Scientists like Albert Einstein and Antoine Henri Becquerel contributed to an interest in the study of generating electricity through nuclear energy. Their objective was to generate a cheap, safe and environmentally sustainable form of electrical energy that can meet increasing global requirements. Radioactivity was a major component of this invention. (World Nuclear Association, 2014).
The world received the consumption of radioactive energy with mixed reactions. While scientists focussed on its low cost, widespread and easy availability, conservationists, health organizations, economists and anti-lobbies begged to largely differ. The explosive and negative fallouts after Nagasaki and Hiroshima in 1945, was the first pointer to the ill-advised use of any form of nuclear energy. The Chernobyl disaster in 1986, as a result of a leaking nuclear reactor, compounded to the wide spread belief that it was like the plague revisited. Strong anti-nuclear bodies preached on its harming effects on not just mankind, but also on the ecosystem. (Misam Jaffer, (2011).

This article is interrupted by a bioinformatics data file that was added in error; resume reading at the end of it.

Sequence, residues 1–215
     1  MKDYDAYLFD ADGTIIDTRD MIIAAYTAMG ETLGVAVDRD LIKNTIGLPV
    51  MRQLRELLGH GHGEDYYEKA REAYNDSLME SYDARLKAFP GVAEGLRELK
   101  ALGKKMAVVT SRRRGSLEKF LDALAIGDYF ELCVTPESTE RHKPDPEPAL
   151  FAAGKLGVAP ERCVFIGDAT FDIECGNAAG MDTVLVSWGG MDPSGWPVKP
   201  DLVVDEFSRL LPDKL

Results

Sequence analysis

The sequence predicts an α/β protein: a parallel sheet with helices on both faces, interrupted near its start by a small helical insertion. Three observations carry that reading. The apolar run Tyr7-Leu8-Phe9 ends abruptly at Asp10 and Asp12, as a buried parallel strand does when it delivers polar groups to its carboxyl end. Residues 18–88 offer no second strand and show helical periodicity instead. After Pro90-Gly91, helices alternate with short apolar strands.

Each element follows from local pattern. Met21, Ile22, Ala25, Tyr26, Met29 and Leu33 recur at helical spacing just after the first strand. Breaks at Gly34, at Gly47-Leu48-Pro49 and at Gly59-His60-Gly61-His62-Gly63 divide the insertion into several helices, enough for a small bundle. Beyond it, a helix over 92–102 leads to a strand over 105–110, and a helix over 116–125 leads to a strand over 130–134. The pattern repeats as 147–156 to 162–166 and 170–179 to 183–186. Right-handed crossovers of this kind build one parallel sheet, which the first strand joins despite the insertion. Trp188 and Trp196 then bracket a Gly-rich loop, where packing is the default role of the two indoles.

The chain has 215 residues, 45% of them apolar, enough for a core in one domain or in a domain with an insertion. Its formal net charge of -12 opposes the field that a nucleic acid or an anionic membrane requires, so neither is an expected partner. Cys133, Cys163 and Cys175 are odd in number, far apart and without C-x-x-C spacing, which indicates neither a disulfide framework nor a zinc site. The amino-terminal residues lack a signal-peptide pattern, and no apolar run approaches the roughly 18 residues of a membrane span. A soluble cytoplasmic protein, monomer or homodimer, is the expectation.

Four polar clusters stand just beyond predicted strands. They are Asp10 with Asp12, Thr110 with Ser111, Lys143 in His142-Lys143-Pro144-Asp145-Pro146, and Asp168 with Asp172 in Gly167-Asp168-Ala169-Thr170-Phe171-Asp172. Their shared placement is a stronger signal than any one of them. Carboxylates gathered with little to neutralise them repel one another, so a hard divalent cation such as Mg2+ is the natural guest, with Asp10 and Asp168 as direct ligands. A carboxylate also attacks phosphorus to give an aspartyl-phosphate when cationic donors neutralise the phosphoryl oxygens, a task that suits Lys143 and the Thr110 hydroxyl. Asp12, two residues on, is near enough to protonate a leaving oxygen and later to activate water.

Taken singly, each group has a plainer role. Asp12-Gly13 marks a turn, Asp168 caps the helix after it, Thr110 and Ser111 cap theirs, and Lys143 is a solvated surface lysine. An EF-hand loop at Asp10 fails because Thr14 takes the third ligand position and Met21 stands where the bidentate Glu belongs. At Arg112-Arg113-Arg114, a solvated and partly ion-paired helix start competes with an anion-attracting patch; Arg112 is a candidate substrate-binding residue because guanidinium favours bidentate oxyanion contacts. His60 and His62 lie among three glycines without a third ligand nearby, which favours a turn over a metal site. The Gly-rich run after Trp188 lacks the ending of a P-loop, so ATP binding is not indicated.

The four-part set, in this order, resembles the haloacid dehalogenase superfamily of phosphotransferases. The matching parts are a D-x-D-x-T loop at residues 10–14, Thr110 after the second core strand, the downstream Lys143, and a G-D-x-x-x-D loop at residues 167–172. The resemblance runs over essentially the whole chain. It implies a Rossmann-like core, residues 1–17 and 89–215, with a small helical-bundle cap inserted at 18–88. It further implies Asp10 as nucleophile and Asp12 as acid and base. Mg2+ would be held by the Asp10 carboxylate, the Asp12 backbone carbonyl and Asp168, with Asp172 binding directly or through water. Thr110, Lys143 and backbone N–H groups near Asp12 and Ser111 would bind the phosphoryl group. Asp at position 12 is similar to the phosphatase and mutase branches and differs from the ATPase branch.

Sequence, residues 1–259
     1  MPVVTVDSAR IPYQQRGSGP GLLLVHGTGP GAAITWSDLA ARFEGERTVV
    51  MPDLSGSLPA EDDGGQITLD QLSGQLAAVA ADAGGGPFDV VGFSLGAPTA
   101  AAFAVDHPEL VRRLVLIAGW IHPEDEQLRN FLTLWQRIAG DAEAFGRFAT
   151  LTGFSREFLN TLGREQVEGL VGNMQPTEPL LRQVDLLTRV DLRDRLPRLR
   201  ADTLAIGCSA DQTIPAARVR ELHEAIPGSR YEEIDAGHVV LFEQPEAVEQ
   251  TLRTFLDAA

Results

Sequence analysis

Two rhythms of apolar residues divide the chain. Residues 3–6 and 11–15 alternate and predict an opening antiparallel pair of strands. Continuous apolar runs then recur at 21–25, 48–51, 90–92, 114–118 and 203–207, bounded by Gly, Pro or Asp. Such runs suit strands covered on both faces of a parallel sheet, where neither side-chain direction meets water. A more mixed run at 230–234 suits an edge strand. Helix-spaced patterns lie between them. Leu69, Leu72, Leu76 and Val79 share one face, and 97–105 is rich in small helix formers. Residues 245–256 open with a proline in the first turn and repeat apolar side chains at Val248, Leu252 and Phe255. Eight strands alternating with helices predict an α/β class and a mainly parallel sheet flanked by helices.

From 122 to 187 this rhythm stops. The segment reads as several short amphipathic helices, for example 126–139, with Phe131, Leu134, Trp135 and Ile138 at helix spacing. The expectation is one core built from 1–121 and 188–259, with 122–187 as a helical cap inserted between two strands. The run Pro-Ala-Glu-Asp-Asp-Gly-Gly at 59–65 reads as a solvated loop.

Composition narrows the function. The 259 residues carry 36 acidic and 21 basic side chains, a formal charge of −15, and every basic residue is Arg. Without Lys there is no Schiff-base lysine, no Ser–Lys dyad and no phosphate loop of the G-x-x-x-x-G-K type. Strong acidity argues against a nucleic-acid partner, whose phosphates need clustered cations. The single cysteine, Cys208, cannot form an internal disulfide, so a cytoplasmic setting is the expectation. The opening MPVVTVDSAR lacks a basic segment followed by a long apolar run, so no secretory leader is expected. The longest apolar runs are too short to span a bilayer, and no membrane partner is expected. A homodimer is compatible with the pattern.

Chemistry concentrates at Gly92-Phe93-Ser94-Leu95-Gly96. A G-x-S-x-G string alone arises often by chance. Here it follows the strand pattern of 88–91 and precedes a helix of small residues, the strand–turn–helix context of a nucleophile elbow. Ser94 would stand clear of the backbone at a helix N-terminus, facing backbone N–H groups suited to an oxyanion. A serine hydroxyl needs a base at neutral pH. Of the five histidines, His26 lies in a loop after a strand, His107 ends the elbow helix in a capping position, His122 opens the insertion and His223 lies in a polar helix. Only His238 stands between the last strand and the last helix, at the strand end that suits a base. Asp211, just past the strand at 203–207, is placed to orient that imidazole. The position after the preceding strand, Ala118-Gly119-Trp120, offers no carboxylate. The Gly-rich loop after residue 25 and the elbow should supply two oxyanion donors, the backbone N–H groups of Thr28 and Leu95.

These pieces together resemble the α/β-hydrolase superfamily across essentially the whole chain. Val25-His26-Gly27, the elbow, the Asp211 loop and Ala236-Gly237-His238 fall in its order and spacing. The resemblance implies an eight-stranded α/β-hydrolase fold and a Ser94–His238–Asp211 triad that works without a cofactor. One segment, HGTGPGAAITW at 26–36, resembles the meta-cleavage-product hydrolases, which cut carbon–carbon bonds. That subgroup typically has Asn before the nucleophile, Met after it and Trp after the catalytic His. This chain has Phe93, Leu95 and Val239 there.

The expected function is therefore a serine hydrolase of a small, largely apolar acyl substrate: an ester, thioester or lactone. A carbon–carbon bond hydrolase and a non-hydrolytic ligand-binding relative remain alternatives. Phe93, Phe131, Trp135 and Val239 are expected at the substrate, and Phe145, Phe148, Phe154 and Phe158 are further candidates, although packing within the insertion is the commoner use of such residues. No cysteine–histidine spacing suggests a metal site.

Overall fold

However, a contrasting thought propounded that the generation of electricity from nuclear energy reduced the dependence of energy from coal and oil. Lesser use of oil and coal meant lesser greenhouse gas emissions, such as carbon dioxide, methane, and so on. (Overview of Greenhouse Gases, 2012). The use of fossil to generate electricity was found to be more harmful, according to a NASA study. (Pushker Kharecha, James Hansen, 2013).
Any energy, be it nuclear or fossil driven, is driven with its own disadvantages. Nuclear energy, however, appears to be both ecologically and economically more friendly.